Dick Summer Connection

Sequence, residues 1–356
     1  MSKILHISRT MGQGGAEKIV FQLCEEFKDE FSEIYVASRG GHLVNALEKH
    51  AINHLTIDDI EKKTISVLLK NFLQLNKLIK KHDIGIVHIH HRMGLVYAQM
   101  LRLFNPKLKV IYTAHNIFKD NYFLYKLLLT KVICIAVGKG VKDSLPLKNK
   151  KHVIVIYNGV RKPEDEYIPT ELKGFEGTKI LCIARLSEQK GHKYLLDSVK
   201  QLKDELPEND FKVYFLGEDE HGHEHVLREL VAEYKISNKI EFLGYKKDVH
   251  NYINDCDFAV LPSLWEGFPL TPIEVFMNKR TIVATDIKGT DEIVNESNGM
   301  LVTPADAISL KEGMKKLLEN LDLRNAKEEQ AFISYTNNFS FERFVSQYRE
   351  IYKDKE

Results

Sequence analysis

Time to start collecting your Christmas stories for the podcasts. Please send yours to dick@dicksummer.com This story is called “An Italian Christmas” It was sent by Proud Podcast Participant– Bill Ervolino “I thought it would be a nice idea to bring a date to my parent’s house on Christmas Eve. I also thought it would be interesting for a non-Italian girl to see how an Italian family spends the holidays. I thought my mother and my date would hit if off like partridges and pear trees. So I was wrong. Sue me.  I had only known Karen for three weeks when I extended the invitation. “I know these family things can be a little weird,” I told her, “but my folks are great, and we always have a lot of fun on Christmas Eve. “ “Sounds fine to me,” Karen says. I had only known my mother for 31 years when I told her I’d be bringing Karen home with me. “She’s a very nice girl and she’s really looking forward to meeting all of you.” “Sounds fine to me,” my mother says. And that was that. Two telephone calls. Two sounds fine to me-s. What more could I want? I should point out that in Italian households, Christmas Eve is the social event of the season – an Italian woman’s reason d’etre. She cleans, she cooks, she bakes, she orchestrates every minute of the night. I should also point out that when it comes to the kind of women that make Italian men go nuts, Karen is it. She doesn’t clean. She doesn’t cook. She doesn’t bake. And she has the largest breasts I have ever seen on a human being. I brought her any way. 7 P.M. We arrive. Karen and I walk in and putter around for half an hour waiting for the other guests to show up. During that half hour, my mother grills Karen like a cheeseburger and cannily determines that Karen does not clean, cook, or bake. My father is equally as observant. He pulls me into the living room and notes, “She has the largest breasts I have ever seen on a human being.” 7:30 P.M. Others arrive. Uncle Ziti walks in with my Aunt Mafalde, assorted kids, assorted gifts. We sit around the dining room table for antipasto, a symmetrically composed platter of lettuce, roasted peppers, black olives, salami, prosciutto, provolone, and anchovies. When I offer to make Karen’s plate she says, “Thank you, but none of those things, ok?” She point to the anchovies. “You don’t like anchovies?” I ask. “I don’t like fish,” Karen announces, as 67 other varieties of fish are baking, broiling and simmering in the next room. My mother makes the sign of the cross and things are getting uncomfortable. Aunt Mafalde asks Karen what her family eats on Christmas Eve. Karen says, “Knockwurst.” My father who is still staring in a daze at Karen’s chest temporarily snaps out of it to murmur, “Knockers?” My mother kicks him so hard he gets a blood clot. None of this is turning out the way I hoped. 8:00 P.M. Second course. The spaghetti and crab sauce is on the way to the table. Karen declines the crab sauce and says she’ll make her own with butter and ketchup. My mother asks me to join her in the kitchen. I take my Merry Christmas napkin from my lap, place it on the Merry Christmas tablecloth and walk into the kitchen. “I don’t want to start any trouble,” my mother says calmly, clutching a bottle of ketchup in her hands. “But if she pours this on my pasta, I’m going to throw acid in her face.” “Come on,” I tell her. “It’s Christmas. Let her eat what she wants.” My mother considers the situation, and then nods. As I turn to walk back into the dining room, my mother grabs my shoulder. “Tell me the truth,” she says, “are you serious with this tramp?” “She’s not a tramp,” I reply. “And I’ve only known her for three weeks.” “We’ll it’s your life,” she tells me,”But if you marry her, she’ll poison you.” 8:30 P.M. More fish. My stomach is knotted like one of those macramé plant hangers that are always three times larger than the plants they hold. All the women get up to clear away the spaghetti dishes, except for Karen, who instead lights a cigarette. “Why don’t you give them a little hand”? I politely suggest. Karen makes a face and walks into the kitchen carrying three forks. “Dear, you don’t have to do that,” my mother tells her, smiling painfully. “Oh, ok,” Karen says, putting the forks on the sink. As she re-enters the dining room, a wine glass flies over her head, and smashes against the wall. From the kitchen my mother says, “whoops.” I vaguely remember that line form Torch Song Trilogy. “Whoops?” No. “Whoops is when you fall down an elevator shaft.” More fish comes out. After some goading, Karen tries a piece of scungilli, which she describes as, “slimy, like worms,” My mother winces, bite her hand and pounds her chest like one of those old women you always see in the sixth row of a funeral home. Aunt Mafalde does the same. Karen, believing that this is something that all Italian women do on Christmas Eve, bites her hand and pounds her chest. My Uncle Ziti winces, and my Father’s teeth fall out and chew a six inch gash in the table cloth. 10:00 P.M. Coffee, dessert. Espresso all around. A little anisette. A curl of lemon peel. When Karen asks for milk, my mother finally slaps her on the face with cannoli. I guess it had to happen sooner or later. Karen, believing that this is something that all Italian women do on Christmas Eve, picks up cannoli and slaps my mother with it. “This is fun,” Karen says. Fun? No, fun is when you fall down an elevator shaft. But amazingly, everyone is laughing and smiling, and filled with good cheer – even my mother, who grabs me by the shoulder, laughs and says, “Get that bitch out of my house.” Sounds fine to me.”

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